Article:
The day went by with a worried Amelia and blissfully oblivious Julia and Philippe going about their lives. And events were getting chained together, forming a dangerous web that would soon reach many lives in Riverview.

Around eight fifteen in the evening, Vanja Leifsdóttir brewed a cup of coffee and added her perfect measurements of sugar and cream. Her store had been cleaned up after the day and the moment was relaxed and calm. Everything was in their places and Vanja could almost forget the theories and projects that buzzed around in her brain.

She glanced towards her backyard garden and sighed wistfully before sitting down with a good book that she let float in front of her eyes in order to keep her hands free.

A ring of her doorbell ruined her moment. Vanja stood up and narrowed her eyes, wiping dust from her dress before walking over to the door. She looked through the door’s enchanted glass, checking out of habit that her wand was still with her. There were two people at the door. The other was clearly a female vampire, and the other was a somewhat burly man.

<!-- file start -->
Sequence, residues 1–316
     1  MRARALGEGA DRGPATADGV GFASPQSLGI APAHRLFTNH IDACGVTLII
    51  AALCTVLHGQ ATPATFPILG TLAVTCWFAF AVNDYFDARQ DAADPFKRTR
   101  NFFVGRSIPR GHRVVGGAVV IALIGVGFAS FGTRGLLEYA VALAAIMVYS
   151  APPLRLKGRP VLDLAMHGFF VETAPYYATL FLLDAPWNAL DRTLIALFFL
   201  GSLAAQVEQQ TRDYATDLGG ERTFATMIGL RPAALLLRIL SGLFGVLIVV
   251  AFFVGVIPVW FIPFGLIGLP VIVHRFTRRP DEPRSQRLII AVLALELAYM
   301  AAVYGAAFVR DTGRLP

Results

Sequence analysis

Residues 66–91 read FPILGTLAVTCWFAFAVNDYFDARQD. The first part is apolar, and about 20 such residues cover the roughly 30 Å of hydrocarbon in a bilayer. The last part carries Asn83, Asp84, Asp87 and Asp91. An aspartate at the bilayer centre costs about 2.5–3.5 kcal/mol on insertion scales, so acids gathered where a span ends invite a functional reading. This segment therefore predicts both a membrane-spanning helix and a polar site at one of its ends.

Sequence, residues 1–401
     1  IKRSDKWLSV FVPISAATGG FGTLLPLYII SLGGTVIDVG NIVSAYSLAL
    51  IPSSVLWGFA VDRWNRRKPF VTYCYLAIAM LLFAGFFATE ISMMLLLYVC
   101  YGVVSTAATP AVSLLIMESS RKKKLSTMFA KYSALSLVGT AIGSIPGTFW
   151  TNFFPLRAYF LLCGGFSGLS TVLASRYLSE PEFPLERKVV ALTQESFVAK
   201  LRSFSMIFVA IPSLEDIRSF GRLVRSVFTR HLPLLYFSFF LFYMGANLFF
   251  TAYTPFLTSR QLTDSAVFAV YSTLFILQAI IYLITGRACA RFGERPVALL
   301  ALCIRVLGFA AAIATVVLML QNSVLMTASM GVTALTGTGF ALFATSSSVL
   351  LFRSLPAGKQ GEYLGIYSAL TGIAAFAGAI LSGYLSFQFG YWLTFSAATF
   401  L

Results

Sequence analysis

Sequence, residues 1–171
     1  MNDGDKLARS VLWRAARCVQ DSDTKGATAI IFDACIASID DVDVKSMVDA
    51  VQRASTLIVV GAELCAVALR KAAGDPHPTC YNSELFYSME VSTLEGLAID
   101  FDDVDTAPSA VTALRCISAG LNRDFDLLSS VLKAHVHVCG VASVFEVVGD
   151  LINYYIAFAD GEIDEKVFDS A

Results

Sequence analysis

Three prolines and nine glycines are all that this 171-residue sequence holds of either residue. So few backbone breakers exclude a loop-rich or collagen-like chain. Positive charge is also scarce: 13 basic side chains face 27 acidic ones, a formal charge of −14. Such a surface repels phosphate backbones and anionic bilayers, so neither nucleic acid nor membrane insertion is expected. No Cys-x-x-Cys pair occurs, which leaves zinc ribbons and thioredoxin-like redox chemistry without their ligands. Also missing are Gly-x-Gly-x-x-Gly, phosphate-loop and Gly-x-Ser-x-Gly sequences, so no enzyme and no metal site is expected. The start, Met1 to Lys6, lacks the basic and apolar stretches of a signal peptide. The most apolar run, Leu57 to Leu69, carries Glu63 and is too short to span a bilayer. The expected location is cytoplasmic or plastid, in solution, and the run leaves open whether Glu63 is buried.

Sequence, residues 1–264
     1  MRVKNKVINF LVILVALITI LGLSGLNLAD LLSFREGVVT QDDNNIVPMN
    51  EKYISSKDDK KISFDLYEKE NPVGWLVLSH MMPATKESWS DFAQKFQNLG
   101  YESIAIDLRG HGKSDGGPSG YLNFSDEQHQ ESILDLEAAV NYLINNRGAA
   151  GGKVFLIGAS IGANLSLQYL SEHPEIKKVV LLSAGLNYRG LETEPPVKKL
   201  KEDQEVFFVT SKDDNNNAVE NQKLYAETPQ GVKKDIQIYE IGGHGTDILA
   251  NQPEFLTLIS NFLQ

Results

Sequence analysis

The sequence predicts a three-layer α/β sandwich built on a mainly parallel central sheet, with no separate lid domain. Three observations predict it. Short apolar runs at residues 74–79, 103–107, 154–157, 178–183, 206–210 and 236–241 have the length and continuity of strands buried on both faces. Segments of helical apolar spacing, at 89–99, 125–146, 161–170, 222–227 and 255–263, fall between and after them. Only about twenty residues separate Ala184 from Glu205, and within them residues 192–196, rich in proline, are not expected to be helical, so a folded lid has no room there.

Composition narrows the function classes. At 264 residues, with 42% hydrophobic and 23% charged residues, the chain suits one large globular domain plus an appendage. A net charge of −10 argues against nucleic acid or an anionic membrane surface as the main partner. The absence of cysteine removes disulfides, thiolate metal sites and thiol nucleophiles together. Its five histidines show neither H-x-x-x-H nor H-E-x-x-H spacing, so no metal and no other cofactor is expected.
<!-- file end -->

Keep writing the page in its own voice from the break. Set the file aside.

“Hey lady!” the vampire shouted through the door, “Is the shop still open? I really need to buy some sunscreen!”

Vanja sighed. Late night customers. So annoying. Why didn’t people check the business hours beforehand?

“We’re closed!” she shouted back, “Come back tomorrow or send someone here! Or order from my web store!”

“But I really need it now!”

“I said no!”

“Lady, we’re paying customers here. We’ve come a long way, and we can charge you extra for this.”

Vanja sighed again. Her perfect moment had already been ruined. She might as well get some money out of it.

She cracked the door open.

“Okay. It’s thirty five simoleons for a bottle, and-”

She never finished her sentence. A muffled bang seemed to drown out everything, and a blinding pain erupted in her stomach.

She hadn’t even had time to scream.

Author’s Note: Um… I’m back. I wanted to write this whole event before starting to publish any chapters so that things would stay consistent and all. So sorry about the wait! But on the bright side, now I have two more chapters almost done so it shouldn’t take long to get them published too!

So yeah… things… happened. We finally got both Death and Time in the same room. So now you know what happens when two of the oldest, in ways the most powerful things in the universe meet. They look at clocks. Metaphorically. EXCITEMENT! 😀

This has been tricky to write, and I have no idea if I’m approaching some kind of corner I can’t write myself out of. But I’m really hoping I can keep things together until the end of this story arc. Which is nearing its end. After this event, there will be one more big event and then the conclusion/hook for the future. If these people survive, that is. :O